I have been using email since 1995. And I was jokingly called “email king” by friends who started to use emails as well back then, because I used so many different email services. It was when internet was really starting to hit off in Sweden where I live. My first email account was a Hotmail account, before Microsoft bought Hotmail. I used Yahoo email very quickly after hotmail, within weeks. And of course Netaddress email. All being Webmail. In 1996 I got my first internet service at my house, so I got my first email program, client. A POP 3 account. I believe the first email program I got was two. One from microsoft I believe and of course the classic Netscape Mail program (Todays Thunderbird looks and feel very much in line with said Netscape still, minotaur or no minotour)

I still use both webmail and IMAP/POP3 email services. I think its important to me, in my work to use both. At times I have prefered using Webmail, and sometimes desktop IMAP/POP3 email on my computer. but I have always kept both services. And to me its the IMAP I use instead of POP 3.



For my freelancing business, with emails going out and coming in, I am thankful for both services, but especially happy for speed and convinence and freedom the combination give. Had I ony used let say Gmail, then that wouldnt work for me. It is used not because I love Gmail, I dont as I prefer Yahoo Mail way of doing things. How it is set up in Yahoo is how most Free and payed for Email clients for IMAP and POP 3 work and look like. Gmail wanted to reinvent the wheel, but didnt do it the way I want it set up. It feels hindering somehow. Well everyone like it their way.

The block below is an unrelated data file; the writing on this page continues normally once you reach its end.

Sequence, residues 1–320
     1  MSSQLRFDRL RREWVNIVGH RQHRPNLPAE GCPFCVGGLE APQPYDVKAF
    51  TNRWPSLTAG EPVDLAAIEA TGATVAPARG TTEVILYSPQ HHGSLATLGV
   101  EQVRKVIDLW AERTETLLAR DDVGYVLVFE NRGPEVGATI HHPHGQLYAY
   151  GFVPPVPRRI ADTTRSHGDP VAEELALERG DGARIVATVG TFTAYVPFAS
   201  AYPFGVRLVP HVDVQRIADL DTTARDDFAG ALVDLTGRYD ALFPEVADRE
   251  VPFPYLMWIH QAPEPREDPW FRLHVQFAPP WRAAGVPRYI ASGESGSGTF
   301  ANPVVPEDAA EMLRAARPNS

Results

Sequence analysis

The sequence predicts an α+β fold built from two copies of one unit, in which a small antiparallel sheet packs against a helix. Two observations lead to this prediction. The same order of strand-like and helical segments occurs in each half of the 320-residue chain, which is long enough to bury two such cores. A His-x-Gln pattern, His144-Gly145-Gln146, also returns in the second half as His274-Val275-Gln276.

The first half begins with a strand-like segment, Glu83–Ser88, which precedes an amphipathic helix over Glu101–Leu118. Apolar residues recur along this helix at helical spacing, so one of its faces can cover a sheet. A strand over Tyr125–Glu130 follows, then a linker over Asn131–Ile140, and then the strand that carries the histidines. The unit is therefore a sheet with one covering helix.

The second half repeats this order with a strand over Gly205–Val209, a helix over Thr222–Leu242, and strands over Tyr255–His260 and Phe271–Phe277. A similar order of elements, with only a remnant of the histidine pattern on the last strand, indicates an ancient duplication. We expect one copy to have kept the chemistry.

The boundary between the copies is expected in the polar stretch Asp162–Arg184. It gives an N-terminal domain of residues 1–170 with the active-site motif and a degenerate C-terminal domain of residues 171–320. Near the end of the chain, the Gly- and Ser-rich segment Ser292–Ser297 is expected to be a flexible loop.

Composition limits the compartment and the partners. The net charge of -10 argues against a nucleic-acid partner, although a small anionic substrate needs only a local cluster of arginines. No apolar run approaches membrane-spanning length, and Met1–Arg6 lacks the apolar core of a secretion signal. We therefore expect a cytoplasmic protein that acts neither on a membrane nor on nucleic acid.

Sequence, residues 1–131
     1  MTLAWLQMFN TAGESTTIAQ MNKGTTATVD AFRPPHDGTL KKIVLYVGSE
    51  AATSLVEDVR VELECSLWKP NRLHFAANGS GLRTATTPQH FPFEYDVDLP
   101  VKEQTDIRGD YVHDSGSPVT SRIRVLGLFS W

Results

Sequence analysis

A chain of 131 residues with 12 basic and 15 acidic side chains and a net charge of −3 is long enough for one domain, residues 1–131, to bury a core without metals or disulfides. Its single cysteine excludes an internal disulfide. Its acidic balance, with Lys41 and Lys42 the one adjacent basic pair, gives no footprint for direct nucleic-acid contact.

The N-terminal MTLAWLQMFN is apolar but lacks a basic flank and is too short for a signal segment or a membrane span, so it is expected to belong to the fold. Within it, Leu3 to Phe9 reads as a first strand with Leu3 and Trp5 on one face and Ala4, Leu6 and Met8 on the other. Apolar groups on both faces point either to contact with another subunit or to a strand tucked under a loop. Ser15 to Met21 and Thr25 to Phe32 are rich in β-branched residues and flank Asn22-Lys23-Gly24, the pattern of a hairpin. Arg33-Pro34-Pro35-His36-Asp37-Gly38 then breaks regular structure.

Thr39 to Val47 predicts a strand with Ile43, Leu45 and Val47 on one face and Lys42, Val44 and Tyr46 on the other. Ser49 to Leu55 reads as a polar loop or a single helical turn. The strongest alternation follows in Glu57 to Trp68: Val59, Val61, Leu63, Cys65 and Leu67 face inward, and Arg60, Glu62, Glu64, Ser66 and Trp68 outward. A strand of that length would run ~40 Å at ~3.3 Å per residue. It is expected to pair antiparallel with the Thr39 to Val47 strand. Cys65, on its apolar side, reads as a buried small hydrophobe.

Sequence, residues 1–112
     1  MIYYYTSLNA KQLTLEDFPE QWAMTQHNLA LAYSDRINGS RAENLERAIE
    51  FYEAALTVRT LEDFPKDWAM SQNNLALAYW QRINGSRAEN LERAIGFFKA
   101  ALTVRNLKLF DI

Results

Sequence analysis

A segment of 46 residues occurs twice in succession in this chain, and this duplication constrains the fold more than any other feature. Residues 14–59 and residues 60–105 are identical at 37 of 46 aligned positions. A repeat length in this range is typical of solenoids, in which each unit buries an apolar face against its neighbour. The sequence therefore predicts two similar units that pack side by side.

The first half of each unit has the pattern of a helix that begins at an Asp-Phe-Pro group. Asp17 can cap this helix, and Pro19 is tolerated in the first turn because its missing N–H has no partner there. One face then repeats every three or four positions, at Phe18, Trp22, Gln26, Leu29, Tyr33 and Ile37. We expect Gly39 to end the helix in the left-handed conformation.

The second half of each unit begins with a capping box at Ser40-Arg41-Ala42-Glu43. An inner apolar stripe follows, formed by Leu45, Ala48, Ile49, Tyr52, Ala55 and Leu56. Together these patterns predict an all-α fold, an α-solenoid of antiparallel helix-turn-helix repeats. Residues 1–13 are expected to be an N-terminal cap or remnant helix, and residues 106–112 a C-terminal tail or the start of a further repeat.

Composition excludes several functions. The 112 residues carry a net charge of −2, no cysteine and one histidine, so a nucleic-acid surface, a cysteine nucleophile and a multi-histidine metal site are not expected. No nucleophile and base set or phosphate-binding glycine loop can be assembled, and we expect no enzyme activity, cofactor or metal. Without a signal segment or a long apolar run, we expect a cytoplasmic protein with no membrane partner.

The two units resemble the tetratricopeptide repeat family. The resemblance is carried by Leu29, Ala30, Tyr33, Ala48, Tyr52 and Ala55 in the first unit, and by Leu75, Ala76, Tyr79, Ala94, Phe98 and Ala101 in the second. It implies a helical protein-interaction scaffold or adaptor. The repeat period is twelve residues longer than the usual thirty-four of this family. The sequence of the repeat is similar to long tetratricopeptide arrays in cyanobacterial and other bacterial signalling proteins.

I read an article at MakeUseOf, a great site by the way, where I think the writer of the article posted in 2012, miss out on the fact that the combination of Webmail and IMAP desktop is very easy and convinient. The writer like to write off those using IMAP/POP3 as maybe old people who dont know better, simply becuase the writer suggest only webmail can be reached all over the world. And suggest that Gmail is the way to go. Like the only way to go.

The trick is to use IMAP in Email programs installed on your computer.

How Gmail for example is set up today, it will never be as fast and easy to manage and work with as let say a desktop/laptop email client with IMAP will, when writing and sending out emails, Managing your email correspondence. Where Free Gmail/Yahoo is set up to collect all information about you the user so they can sell your using information to advertizers, it is on the cost of somewhat slow use and odd way in how its set up. In comparison to any of the desktop/laptop email programs out there, with more power to you the user, instead of Google.